June 21, 2019
The Fed did not change rates at the latest FOMC meeting. And while it is clearly leaning towards lower rates it has not yet reached that decision. Fed Chair Powell repeatedly noted that the incoming data will determine whether the Fed pulls the trigger.
It turns out there is a surprisingly wide gap in the views of FOMC members. At the moment, eight members believe that rates will be unchanged between now and yearend, but seven other members are looking for two rate cuts between July and December. So, sit tight and do nothing or cut rates twice. Those two views are diametrically opposed to each other.
Powell noted that at the time of the May FOMC meeting the U.S. and China were on the cusp of a trade agreement but that agreement fell apart. From the Fed’s perspective that heightened uncertainty about the trade outlook. So, what’s next?
So, as we see it the Fed has outlined two scenarios. First, Trump further raises tariffs on Chinese goods which weakens global growth (mostly outside of U.S. borders) and could imply a further drop off in the inflation rate from its 2.0% target path. In that event, the Fed might cut rates a couple of times between now and yearend. Or, at the upcoming G-20 summit meeting Trump and Xi choose not to further escalate the tariff war, agree to resume their discussion and, hopefully, find a way to resolve their differences. In that case, the Fed would most likely leave rates unchanged between now and December.
In the past the FOMC’s decisions were based on their assessment of economic conditions. How are GDP and inflation evolving relative to what it expected, and are any rate adjustments required to return to the desired path? The operating assumption was that fiscal and trade policy would be unchanged. They would incorporate changes in either type of policy after the fact. Once those changes occurred, the Fed would determine their impact on the economy and adjust accordingly. Now the path going forward seems to depend largely on policy decisions made by the current president which may, or may not actually occur. That is an exceedingly difficult task because one can envision any number of relatively plausible scenarios. Whether the Fed should base monetary policy on potential changes in the president’s fiscal or trade decisions, it has clearly chosen to go down that path.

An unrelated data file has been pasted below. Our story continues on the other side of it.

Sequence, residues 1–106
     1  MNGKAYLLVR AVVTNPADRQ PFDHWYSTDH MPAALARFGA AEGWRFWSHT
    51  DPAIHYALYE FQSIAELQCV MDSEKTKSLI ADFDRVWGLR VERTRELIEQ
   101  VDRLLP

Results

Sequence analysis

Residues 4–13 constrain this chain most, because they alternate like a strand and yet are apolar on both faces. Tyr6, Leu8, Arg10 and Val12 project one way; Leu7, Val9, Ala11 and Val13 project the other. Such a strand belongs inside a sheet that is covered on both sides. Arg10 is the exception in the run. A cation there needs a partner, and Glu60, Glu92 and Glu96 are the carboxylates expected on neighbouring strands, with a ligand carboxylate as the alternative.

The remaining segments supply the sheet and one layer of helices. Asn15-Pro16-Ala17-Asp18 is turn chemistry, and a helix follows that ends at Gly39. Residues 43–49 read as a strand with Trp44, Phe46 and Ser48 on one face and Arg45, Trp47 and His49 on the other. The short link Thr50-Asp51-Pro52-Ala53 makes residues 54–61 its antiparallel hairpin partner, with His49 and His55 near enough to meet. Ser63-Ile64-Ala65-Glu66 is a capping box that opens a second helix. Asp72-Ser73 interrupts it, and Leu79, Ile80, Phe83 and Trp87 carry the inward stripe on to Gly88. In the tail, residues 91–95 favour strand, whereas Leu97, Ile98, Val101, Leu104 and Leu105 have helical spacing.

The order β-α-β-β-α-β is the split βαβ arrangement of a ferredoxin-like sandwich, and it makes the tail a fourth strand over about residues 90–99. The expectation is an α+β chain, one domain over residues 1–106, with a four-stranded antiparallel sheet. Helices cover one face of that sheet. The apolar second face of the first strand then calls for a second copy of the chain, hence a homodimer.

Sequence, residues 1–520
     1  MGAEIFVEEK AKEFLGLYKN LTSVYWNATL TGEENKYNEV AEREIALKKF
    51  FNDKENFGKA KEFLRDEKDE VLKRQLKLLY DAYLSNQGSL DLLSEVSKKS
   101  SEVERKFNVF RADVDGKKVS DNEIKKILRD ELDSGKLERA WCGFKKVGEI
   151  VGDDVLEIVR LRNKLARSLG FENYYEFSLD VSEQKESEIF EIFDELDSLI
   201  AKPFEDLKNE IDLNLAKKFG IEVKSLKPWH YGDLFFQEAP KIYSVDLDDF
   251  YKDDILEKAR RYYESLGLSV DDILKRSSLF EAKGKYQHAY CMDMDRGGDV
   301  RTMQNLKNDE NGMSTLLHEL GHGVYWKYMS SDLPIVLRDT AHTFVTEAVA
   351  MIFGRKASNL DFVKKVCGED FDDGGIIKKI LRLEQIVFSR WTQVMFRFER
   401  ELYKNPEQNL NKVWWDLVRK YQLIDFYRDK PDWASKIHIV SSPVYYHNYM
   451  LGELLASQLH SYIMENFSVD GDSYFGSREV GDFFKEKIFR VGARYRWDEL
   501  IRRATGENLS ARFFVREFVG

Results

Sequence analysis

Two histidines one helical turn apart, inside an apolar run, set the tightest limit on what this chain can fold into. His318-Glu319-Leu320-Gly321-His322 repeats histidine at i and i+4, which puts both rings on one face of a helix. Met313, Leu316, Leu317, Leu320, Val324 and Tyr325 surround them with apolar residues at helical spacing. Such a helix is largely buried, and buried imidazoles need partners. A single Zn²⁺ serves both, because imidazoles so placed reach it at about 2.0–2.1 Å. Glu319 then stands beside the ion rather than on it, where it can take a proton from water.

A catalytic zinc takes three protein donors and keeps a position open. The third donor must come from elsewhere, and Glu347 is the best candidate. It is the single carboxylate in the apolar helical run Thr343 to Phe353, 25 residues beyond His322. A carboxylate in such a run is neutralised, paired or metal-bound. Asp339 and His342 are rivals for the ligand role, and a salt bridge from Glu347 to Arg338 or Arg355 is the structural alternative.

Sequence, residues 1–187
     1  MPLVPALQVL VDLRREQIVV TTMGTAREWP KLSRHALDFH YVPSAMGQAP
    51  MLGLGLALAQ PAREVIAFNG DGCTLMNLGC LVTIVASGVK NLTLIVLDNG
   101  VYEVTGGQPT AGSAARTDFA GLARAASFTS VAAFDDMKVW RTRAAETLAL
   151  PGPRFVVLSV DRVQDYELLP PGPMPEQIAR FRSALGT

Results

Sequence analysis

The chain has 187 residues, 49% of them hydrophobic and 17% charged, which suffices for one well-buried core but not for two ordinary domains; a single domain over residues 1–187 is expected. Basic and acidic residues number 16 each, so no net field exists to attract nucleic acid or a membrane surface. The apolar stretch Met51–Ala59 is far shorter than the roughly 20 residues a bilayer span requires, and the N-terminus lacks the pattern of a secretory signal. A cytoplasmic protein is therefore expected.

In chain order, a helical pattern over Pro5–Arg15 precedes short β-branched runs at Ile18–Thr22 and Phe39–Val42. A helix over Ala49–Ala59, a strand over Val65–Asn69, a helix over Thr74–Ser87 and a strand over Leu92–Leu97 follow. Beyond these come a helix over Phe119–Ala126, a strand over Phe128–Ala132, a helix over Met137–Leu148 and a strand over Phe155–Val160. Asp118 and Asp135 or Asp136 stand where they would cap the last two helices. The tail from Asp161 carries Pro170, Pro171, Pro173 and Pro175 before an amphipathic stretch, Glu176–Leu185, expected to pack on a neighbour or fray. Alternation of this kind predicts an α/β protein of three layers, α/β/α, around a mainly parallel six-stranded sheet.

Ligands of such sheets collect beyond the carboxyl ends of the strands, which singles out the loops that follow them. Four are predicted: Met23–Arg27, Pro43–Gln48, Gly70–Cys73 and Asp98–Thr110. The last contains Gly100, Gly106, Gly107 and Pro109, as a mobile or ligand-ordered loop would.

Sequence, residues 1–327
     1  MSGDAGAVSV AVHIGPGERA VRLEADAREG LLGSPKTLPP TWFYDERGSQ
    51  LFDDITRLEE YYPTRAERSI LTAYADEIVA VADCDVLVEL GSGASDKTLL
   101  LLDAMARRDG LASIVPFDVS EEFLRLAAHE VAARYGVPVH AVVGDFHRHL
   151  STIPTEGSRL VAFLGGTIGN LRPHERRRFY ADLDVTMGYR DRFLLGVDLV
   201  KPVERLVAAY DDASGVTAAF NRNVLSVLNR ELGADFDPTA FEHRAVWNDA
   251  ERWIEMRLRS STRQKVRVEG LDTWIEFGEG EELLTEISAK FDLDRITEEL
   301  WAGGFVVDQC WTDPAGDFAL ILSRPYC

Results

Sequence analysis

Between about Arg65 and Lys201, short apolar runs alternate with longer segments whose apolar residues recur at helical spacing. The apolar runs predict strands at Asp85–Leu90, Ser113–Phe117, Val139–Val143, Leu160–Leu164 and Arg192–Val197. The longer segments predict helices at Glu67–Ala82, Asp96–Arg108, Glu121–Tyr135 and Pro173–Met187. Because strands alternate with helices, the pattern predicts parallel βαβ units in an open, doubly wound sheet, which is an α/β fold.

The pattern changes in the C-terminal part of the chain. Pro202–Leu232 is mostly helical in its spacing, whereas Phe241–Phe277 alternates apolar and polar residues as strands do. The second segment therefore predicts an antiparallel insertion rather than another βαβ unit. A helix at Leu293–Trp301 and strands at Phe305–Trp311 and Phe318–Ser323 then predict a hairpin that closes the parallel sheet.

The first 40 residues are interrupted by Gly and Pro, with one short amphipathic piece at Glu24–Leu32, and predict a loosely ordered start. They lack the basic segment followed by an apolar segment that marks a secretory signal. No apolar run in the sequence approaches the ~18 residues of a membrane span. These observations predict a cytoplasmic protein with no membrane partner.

So, where does that leave us? Everybody will be scouring the economic tea leaves between now and the July 30-31 FOMC meeting. These events/economic indicators will be crucial.
- The outcome of the June 28-29 summit meeting. If China and the U.S. agree to restart trade discussions, the no-change group at the Fed will gain support.
- The personal consumption expenditures deflator for May on Friday, June 28. This is the Fed’s preferred inflation target so whatever happens will be important. We are looking for an increase in the core rate of 0.2%. This outcome would cause the year-over-year increase to slip from 1.6% to 1.5%, but for the most recent 3-month period the run-up would climb to 1.9%. Perhaps a bit of ammo for both sides.
- The purchasing managers’ index for June on Monday, July 1. After reaching a high of 60.8 in August of last year it has been trending downward and now stands at 52.1 which is, presumably, consistent with GDP growth of 2.4%. We expect a modest increase to 52.5 which would suggest that the beleaguered manufacturing sector of the economy is not deteriorating further. A decline would give the rate-cutters at the Fed more ammo.
- The June employment data released on Friday, July 5. The weaker-than-expected increase in payroll employment for May of 75 thousand was disquieting. Will the June data be equally subdued? For what it is worth, we anticipate an increase of 170 thousand which would provide support for the no-change camp.
- CPI data for June on Thursday, July 11. While the Fed’s specific inflation target is the core PCE deflator, the concern about the continuing inflation shortfall will focus attention at the CPI as well. We expect to see a June increase in the core CPI of 0.2% which would leave the year-over-year rate at 2.0%. That outcome would leave the inflation outlook uncertain. No hint of a pickup but, no further shortfall either.
- Second quarter GDP growth on Friday, July 26. Following 3.1% growth in the first quarter we anticipate second quarter growth of 1.5%. That probably provides some support for both groups. Growth in the first half of the year would be 2.3% which would exceed the Fed’s estimate of potential GDP growth which is currently 1.9% and suggest no further rate cuts are necessary. But 1.5% growth in the second quarter could encourage the rate-cut camp.
Our sense is that if the data unfold as described above, the FOMC will – once again – chose to leave rates unchanged on July 31 and await further data. The market’s two expected rate cuts between now and December are expected at the meetings in September and December. As always, the data will determine the outcome.